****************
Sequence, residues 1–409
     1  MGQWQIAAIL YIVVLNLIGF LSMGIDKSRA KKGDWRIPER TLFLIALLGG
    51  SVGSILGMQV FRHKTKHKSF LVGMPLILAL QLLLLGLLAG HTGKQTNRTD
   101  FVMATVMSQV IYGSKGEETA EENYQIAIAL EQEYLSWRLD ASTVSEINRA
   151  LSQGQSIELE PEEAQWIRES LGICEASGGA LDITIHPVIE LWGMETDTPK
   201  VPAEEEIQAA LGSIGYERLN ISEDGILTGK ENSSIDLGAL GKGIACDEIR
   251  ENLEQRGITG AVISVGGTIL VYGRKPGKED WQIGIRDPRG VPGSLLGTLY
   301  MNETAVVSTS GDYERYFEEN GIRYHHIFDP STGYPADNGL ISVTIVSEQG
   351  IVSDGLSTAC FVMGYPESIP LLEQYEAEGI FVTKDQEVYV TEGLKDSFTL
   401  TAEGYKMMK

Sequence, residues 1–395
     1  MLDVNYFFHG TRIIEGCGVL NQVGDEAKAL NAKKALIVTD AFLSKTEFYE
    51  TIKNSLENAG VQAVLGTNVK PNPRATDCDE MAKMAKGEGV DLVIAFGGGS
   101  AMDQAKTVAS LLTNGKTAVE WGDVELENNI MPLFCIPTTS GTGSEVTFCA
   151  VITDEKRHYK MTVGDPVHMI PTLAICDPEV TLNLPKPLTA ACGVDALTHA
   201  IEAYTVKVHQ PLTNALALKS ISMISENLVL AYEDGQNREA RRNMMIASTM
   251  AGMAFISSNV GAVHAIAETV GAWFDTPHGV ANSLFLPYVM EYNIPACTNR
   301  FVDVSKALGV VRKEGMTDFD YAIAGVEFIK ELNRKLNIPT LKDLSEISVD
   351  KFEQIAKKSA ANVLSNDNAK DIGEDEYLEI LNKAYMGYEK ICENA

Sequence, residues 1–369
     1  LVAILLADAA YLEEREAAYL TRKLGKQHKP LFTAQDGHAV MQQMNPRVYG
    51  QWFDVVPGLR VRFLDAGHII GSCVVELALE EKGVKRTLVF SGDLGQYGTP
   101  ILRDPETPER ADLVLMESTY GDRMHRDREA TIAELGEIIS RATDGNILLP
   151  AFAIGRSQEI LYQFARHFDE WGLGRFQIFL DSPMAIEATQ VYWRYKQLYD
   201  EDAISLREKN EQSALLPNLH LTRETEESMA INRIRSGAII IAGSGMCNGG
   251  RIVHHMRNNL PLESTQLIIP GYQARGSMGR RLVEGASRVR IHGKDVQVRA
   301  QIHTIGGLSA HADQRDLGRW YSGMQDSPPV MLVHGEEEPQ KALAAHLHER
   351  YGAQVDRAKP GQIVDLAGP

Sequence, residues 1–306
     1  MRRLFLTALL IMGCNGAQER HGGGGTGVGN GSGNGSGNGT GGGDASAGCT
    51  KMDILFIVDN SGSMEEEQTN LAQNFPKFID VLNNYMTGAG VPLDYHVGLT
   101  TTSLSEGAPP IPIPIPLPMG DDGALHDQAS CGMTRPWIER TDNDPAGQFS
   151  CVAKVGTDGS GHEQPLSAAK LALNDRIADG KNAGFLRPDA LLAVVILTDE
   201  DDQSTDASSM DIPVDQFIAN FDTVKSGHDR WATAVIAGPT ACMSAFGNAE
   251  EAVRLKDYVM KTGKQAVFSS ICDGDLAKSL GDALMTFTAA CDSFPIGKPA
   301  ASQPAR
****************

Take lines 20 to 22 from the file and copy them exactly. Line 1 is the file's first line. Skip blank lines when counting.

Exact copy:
Sequence, residues 1–369
     1  LVAILLADAA YLEEREAAYL TRKLGKQHKP LFTAQDGHAV MQQMNPRVYG
    51  QWFDVVPGLR VRFLDAGHII GSCVVELALE EKGVKRTLVF SGDLGQYGTP